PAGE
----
Spanning six decades, Retrospectrum showcases the development and range of Bob Dylanís (born 1941) visual art in an array of mediums. His diverse creations include works made in oil, acrylic, watercolor, ink, pastel, charcoal and sculpture in iron. Among the artworks presented in Retrospectrum are some of Dylanís earliest ink sketches, first published in 1973ís Writings and Drawings, which illustrated and compiled Dylan's lyrics up to that date. These are shown alongside 2021's Mondo Scripto series, in which Dylan revisited some of his most renowned lyrics, hand-lettering and illustrating them. The book also features the iconic Train Tracks series; The New Orleans Series and The Asia Series (from 2012 and 2010 respectively), inspired by Dylanís travels; works from his hugely popular The Beaten Path series (2015Ėpresent); and his iron sculptures created from found objects.
Published by National Portrait Gallery. Introduction by John Elderfield.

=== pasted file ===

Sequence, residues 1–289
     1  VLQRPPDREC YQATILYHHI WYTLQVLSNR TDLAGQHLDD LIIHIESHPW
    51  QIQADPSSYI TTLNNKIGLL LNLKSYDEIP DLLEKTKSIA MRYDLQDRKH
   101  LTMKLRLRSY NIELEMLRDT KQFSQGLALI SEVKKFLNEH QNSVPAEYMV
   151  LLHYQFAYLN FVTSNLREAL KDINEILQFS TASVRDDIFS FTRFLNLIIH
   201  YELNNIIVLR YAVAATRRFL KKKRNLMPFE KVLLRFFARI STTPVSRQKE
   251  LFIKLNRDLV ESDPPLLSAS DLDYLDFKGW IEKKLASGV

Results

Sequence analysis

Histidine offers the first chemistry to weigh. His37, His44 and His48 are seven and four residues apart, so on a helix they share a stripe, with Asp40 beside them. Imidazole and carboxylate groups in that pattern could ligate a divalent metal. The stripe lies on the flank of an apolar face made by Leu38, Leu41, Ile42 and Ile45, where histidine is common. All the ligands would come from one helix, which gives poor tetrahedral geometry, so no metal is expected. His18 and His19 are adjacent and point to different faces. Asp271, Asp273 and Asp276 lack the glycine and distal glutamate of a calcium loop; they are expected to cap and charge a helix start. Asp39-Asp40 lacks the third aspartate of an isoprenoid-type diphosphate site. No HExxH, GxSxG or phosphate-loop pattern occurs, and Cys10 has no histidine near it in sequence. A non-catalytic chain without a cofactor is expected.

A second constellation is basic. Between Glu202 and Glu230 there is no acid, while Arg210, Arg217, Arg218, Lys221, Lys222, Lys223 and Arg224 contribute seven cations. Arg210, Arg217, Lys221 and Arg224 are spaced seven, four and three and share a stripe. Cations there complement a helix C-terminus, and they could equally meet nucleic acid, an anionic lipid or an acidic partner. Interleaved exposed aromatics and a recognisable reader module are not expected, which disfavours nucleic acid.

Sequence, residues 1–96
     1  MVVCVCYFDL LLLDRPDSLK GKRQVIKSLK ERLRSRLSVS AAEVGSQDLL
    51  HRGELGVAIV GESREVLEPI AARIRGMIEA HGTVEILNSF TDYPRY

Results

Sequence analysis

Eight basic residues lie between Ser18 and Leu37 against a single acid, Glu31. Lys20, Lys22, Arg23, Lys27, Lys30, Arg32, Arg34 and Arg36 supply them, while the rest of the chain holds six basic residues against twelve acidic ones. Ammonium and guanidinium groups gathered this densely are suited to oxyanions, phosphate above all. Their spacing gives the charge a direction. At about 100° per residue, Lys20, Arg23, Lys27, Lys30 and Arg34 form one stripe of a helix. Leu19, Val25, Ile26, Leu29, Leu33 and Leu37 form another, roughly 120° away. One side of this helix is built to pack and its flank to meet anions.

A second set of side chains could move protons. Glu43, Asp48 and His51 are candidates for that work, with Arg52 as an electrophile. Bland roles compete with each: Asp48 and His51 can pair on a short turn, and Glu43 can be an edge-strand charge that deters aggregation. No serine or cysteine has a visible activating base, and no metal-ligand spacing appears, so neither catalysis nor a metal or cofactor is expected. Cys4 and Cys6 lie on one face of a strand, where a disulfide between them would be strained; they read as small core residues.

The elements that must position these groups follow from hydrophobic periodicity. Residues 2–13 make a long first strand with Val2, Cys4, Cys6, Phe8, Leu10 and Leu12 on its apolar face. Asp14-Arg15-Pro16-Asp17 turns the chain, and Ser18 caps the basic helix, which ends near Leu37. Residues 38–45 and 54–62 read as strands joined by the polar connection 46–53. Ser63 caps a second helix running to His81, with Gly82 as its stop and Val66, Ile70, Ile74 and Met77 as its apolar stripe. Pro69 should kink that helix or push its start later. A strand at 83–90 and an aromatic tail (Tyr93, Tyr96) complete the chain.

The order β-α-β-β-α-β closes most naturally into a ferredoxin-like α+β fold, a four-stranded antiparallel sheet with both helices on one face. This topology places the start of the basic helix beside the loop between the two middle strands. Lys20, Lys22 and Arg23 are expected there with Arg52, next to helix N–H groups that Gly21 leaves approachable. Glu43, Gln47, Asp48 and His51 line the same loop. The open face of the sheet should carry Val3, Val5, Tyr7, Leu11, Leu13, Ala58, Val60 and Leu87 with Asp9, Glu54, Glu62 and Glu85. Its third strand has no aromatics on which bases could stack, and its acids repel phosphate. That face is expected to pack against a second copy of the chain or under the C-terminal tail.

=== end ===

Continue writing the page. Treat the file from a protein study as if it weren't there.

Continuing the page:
With over 500 songs, 46 albums and an astonishing 110 million record sales to his name, Bob Dylan (born 1941), now in his early seventies, is turning increasingly to another mode of artistic expression; one that has occupied him throughout his life, but for which he is much less well known. Although Dylan has sketched and drawn since childhood and painted since the late 1960s, only relatively recently has he begun to exhibit his artworks. The 12 works collected in this beautifully produced volume represent his latest foray into portraiture. In an illuminating essay and a rare Q&A with Dylan, curator and art historian John Elderfield explores the story behind these works. For Elderfield, Dylanís paintings, like his songs, are "products of the same extraordinary, inventive imagination, the same mind and eye, by the same story-telling artist, for whom showing and telling Ö are not easily separated."